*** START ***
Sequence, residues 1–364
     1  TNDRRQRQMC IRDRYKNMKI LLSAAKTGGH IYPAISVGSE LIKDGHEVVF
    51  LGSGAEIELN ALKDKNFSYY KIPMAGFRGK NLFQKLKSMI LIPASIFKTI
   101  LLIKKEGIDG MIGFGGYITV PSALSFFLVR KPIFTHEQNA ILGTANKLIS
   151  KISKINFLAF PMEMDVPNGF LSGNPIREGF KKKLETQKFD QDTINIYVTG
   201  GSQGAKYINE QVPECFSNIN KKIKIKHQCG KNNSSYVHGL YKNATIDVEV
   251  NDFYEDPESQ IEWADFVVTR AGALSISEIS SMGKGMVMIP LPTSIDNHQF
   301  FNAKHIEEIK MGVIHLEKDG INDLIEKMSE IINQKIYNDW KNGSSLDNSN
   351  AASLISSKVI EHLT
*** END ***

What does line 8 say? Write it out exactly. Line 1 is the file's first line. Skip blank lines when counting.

   301  FNAKHIEEIK MGVIHLEKDG INDLIEKMSE IINQKIYNDW KNGSSLDNSN